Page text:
Voices of: Kristen Bell Idina Menzel Jonathan Groff Josh Gad Santino Fontana
Walt Disney Animation Studios’ latest confection exploits the romance of icicles and ice crystals to tell a story inspired by Hans Christian Andersen’s tale, The Snow Queen. The writers (Chris Beck and Jennifer Lee, also the directors, and Shane Morris) have altered it considerably and given it a heavy dose of adolescent romantic love, which seems a little odd to me, since it is likely to appeal mostly to much younger children. Nevertheless, the children in the screening loved it and clapped afterwards, talking excitedly about it as they walked out of the theater.
In this version, a princess, Elsa (Menzel) has magical powers that allow her to transform the area she’s in into a winter playground. This delights her sister Anna (Bell), who tends to go over the top in her enthusiasm. She is so rambunctious once, that she falls into a frozen stupor; whereupon she is rushed to a healer who proclaims that while her head can be easily changed, her heart will stay frozen until she is kissed by love. The parents—in their “wisdom”—begin to see that Elsa can be dangerous with her powers, so they isolate her, even from her sister. As time goes by, the parents are killed in a storm at sea, and Anna is especially lonely, since Elsa refuses to open her door to her. With the parents gone, the kingdom passes to Elsa, and a coronation is planned. Anna is overjoyed because she thinks she and her sister will be close once again.
But it is not to be, since Elsa is still fearful, and after the coronation when Anna keeps persisting, Elsa sends out icicles and ice crystals to keep her away, which results in the transformation of the kingdom from the summer to the winter. Elsa runs away to an ice palace she has constructed where she can be “free”, i.e., not have to worry about damaging others. Unbeknownst to her, however, is that her kingdom remains covered in ice and snow, so Anna at first, and soon others go to find her to beg her to bring back the summer. Included in the trek at various times are Anna, a prince (Fontana), and a boy who hauls ice with his reindeer (Groff), along with other young men.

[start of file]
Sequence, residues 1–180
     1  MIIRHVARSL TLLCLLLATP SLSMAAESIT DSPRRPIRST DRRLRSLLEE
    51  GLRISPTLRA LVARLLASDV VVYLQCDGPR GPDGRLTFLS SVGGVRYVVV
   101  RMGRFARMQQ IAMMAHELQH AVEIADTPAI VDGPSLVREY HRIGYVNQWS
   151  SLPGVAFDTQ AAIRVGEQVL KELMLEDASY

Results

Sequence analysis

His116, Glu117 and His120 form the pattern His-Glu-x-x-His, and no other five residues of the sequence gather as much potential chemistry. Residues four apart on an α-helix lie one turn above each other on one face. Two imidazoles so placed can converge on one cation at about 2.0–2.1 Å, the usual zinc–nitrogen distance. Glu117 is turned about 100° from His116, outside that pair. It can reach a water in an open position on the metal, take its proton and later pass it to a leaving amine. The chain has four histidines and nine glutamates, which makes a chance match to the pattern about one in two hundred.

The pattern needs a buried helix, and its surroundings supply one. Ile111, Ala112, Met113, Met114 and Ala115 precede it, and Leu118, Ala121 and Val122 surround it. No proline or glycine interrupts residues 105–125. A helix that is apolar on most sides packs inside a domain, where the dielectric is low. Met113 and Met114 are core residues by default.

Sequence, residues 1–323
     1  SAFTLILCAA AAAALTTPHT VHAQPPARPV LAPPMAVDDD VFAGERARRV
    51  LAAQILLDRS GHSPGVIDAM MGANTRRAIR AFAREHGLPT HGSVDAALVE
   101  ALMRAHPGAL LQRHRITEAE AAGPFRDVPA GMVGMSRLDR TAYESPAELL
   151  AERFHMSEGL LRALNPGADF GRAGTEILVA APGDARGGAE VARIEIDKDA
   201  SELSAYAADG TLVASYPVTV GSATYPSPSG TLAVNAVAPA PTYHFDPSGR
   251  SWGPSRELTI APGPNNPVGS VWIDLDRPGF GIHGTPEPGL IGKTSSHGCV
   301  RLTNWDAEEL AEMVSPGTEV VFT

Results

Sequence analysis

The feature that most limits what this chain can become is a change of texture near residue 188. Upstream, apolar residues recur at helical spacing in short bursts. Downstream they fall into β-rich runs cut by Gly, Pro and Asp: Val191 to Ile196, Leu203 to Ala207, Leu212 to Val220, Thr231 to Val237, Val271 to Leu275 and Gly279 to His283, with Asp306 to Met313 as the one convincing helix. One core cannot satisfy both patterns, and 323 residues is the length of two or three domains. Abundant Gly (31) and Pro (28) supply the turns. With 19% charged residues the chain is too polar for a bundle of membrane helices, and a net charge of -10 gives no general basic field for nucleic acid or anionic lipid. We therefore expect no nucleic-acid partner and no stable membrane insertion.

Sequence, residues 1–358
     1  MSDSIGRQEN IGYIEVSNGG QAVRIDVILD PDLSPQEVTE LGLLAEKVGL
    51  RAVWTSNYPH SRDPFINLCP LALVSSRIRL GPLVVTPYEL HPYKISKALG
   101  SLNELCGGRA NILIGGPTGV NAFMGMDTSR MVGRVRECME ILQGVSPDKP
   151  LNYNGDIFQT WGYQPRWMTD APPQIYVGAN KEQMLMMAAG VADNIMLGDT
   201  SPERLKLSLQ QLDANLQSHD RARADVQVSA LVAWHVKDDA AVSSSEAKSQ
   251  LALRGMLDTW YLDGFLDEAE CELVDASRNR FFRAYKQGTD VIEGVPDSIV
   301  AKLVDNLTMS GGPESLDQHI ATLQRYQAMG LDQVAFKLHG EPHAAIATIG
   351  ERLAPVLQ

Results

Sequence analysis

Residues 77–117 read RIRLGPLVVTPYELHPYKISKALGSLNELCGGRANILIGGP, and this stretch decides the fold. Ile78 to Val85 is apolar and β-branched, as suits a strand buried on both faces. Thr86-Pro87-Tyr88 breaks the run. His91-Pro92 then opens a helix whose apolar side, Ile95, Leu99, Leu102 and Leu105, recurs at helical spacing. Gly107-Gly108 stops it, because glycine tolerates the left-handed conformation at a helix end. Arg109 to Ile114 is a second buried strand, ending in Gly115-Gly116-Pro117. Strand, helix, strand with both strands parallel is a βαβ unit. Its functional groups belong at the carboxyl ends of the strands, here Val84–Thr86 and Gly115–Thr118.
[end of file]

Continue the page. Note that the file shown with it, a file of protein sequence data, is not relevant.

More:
Andersen’s Snow Queen involved a boy and a girl, and I wonder why these writers decided to make their story about two girls. It still has themes valuing friendship, bravery, and love, and shows how unintended consequences can occur, even with the best of intentions. I especially appreciated their illustrating the idea that “powers” can be used for good or for ill, and that sometimes the person possessing them has to learn how to master them to use them for good. It was also nice to see the twist of the story where it was the sister’s love (not the prince’s) that melted Anna’s heart.
A different take on a traditional fairy tale with beautifully drawn figures and special effects.
By: Donna R. Copeland